My Lenovo T460s has two batteries. When one of them is empty the laptop does an emergency shutdown which basically makes the 2nd battery obsolete.

I already set org.gnome.settings-daemon.plugins.power use-time-for-policy false as recommended on the few posts around the web I found but this did not help.

I'm currently running Ubuntu 17.04 with the upstream kernel 4.11.12-041112-generic (due to trouble with DP). I have tlp and the resp. dkms package installed. Any pointers as to what to try to make the batteries work as intended is much appreciated.

New information:

By now I'm running 17.10 ... still no solution :-(

  • (comment only) i have a x86_64 tablet with two batteries that had that issue, but was too long ago for me to remember what I did. I don't recall playing with settings; but believe I changed the desktop power.manager (xfce4 & mate power managers are running I note; currently I'm logged into mate) – guiverc Oct 2 '17 at 8:58
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    One workaround is to set the action to blank, but of course when the sencond battery is over it may cause data loss and hardware damage. – user334639 Oct 2 '17 at 9:06
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    @user334639 With a heavy heart I set the critical-battery-action to 'nothing'. It really sucks that I'm forced to take this step due to a many years old bug... – Christoph Grimmer-Dietrich Feb 11 '18 at 12:42
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    aaaand... Didn't work. Just this morning my laptop killed itself again while the primary battery was at 39% :-(. > gsettings get org.gnome.settings-daemon.plugins.power critical-battery-action 'nothing' – Christoph Grimmer-Dietrich Mar 2 '18 at 7:21
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    Is there any other power management software turning the system off, even with gnome power set to do nothing? I mean, if you can fix that, you can get a simple script to run to turn the machine off safely before the battery dies. – Zzzach... Mar 17 '18 at 10:19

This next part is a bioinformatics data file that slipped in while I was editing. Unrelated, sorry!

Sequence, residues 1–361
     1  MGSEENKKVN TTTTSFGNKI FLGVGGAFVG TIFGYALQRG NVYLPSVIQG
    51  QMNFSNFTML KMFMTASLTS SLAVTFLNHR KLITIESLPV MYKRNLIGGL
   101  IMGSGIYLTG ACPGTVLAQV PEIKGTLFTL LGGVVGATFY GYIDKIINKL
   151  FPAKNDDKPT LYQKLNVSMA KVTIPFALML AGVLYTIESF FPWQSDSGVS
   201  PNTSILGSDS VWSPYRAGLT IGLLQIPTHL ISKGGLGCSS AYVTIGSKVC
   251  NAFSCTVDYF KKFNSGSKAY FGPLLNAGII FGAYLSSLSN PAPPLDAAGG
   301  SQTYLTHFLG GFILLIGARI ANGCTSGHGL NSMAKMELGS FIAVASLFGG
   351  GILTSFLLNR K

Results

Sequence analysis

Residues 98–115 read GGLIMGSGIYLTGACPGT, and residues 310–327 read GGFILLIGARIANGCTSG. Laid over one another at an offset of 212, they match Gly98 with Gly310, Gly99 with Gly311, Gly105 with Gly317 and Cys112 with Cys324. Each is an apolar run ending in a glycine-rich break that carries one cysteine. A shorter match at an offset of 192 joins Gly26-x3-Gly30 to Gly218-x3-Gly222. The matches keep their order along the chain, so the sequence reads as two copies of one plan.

My laptop has a single battery so I can't test this. I found on Lenovo support forum someone who has a problem like yours.

Basically the problem was UPower causing the laptop to shut down. One user solved the problem by removing upower:

sudo apt remove upower

If this doesn't solve the problem and/or you suffer adverse side-effects you can reinstall using:

sudo apt install upower
  • What will happen if I remove UPower? Or better: What will stop working. I'm currently reading up on UPower and unsure whether things like Suspend etc. will keep working. – Christoph Grimmer-Dietrich Mar 18 '18 at 8:53
  • @ChristophGrimmer-Dietrich I'm unsure as to all the potential side effects which is why I put in the instructions to reinstall it. I know there are many ways a system can suspend which is why we sometimes run into problems and have to tell one system (like systemd) to ignore suspend so that others like gsettings' org.gnome.settings-daemon.plugins.power has full control. According to the link the one user did not state side effects of removing UPower other than system kept running when one battery died. My concern would be what happens when second battery dies, will it gracefully shut down? – WinEunuuchs2Unix Mar 18 '18 at 15:58

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